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  1. There is a good reason to capture scripts via Macro Express: it's a way to become familiar with a limited number of Macro Express instructions. But often, the resulting scripts have limited practical value. The scripts tend to fail, sometimes spectacularly. Given your struggles, maybe it's time to move on from recording (inherently unreliable) scripts to developing scripts that reliably perform simple tasks by sending keystrokes, moving the mouse pointer, and clicking. For a beginner, there may be a learning curve to figure out how to make these scripts work every time and in every context, but it's time well spent. Decide on a task to perform. Create the first line in Macro Express. Test. If it works, add the second line of instructions. Test. And so on.
  2. The problem you are experiencing may relate to your Macro Express settings. In the Macro Express Explorer, choose Options > Preferences... > General > Capture, and make sure keystrokes and mouse actions are set properly.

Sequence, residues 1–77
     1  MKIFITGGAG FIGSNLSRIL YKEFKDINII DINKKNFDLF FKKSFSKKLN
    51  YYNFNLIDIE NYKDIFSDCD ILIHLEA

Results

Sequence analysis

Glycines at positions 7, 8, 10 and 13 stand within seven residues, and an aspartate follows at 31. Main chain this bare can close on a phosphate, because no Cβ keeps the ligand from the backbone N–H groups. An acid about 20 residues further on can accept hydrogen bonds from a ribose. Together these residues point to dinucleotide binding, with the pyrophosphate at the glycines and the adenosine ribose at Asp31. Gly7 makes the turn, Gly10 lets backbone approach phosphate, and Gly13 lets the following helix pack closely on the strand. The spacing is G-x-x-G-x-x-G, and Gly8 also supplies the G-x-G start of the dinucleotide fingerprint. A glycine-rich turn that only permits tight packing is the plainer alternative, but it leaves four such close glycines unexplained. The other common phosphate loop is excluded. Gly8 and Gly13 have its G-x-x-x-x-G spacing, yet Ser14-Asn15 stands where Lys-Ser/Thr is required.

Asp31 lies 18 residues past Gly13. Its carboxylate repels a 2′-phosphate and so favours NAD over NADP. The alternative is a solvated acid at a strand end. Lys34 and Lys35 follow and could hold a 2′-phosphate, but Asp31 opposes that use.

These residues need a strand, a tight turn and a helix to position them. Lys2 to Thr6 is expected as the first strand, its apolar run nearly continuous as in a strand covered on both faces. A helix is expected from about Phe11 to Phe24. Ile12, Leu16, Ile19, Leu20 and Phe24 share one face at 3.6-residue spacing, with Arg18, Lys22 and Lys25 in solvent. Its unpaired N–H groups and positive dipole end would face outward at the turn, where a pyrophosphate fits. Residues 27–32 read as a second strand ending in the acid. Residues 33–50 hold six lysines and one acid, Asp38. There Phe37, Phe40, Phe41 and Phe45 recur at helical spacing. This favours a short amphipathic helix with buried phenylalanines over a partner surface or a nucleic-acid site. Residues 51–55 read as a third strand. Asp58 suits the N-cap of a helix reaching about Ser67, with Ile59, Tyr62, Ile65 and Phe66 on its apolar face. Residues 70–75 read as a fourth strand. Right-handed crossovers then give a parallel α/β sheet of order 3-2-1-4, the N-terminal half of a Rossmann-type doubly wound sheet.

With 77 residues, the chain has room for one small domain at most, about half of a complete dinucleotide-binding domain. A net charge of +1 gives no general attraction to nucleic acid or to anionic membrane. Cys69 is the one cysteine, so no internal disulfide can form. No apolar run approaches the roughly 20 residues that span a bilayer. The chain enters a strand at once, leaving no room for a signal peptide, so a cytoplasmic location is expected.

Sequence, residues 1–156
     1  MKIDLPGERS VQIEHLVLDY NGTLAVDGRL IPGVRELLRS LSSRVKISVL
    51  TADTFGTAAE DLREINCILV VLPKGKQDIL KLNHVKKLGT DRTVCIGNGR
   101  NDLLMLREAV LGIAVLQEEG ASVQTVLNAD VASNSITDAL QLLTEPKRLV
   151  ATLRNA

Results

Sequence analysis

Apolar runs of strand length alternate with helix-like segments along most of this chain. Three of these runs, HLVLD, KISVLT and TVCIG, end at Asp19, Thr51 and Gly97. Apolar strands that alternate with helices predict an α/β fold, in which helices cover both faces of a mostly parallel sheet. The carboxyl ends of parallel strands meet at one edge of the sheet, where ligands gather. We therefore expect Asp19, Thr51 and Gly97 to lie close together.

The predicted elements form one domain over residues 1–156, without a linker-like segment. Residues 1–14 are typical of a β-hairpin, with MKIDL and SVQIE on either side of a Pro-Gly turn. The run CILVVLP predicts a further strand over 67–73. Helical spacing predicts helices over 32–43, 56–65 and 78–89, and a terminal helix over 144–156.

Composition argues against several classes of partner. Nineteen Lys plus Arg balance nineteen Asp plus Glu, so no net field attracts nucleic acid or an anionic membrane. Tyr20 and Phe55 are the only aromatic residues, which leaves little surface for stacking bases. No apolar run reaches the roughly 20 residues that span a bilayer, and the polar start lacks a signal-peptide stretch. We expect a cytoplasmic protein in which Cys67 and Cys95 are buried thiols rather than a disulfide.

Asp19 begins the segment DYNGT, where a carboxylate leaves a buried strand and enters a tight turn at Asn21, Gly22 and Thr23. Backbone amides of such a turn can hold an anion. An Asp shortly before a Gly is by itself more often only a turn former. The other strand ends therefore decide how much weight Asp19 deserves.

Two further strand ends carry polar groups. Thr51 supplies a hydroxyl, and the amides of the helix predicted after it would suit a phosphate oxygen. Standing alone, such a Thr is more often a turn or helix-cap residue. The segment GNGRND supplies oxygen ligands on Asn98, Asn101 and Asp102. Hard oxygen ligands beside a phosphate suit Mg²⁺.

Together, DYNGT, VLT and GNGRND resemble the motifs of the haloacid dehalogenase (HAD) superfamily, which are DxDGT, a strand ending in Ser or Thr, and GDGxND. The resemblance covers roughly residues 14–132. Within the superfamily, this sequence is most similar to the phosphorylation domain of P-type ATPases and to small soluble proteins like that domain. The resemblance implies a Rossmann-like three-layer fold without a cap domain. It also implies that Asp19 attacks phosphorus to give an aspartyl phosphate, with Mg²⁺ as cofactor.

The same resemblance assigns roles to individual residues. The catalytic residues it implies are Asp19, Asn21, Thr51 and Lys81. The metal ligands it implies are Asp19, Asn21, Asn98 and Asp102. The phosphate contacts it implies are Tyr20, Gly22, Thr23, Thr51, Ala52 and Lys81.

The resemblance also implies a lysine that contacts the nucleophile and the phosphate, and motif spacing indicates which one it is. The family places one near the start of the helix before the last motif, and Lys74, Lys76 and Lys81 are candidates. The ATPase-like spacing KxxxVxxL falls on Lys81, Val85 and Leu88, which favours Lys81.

3. You're right, rberq, it took digging before I stumbled upon Shift + Ctrl + equal sign. As a (mostly) non-mouse user, I already knew Home (go to start of row) and Shift + spacebar (select row). Edited: Only today did I abandon the quest to come up with a satisfactory solution for moving columns. The task requires the insertion point to jump to the topmost cell in a column. I have not yet discovered a way to do this via keyboard that works in every Excel worksheet. My solution sometimes fails.